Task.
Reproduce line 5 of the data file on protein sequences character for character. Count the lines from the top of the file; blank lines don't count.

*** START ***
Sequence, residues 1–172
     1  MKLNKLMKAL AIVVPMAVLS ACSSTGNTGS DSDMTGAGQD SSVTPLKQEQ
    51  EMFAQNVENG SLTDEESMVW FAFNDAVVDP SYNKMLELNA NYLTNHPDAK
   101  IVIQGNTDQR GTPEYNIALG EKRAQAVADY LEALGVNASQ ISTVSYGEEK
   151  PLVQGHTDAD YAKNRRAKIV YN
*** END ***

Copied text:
   151  PLVQGHTDAD YAKNRRAKIV YN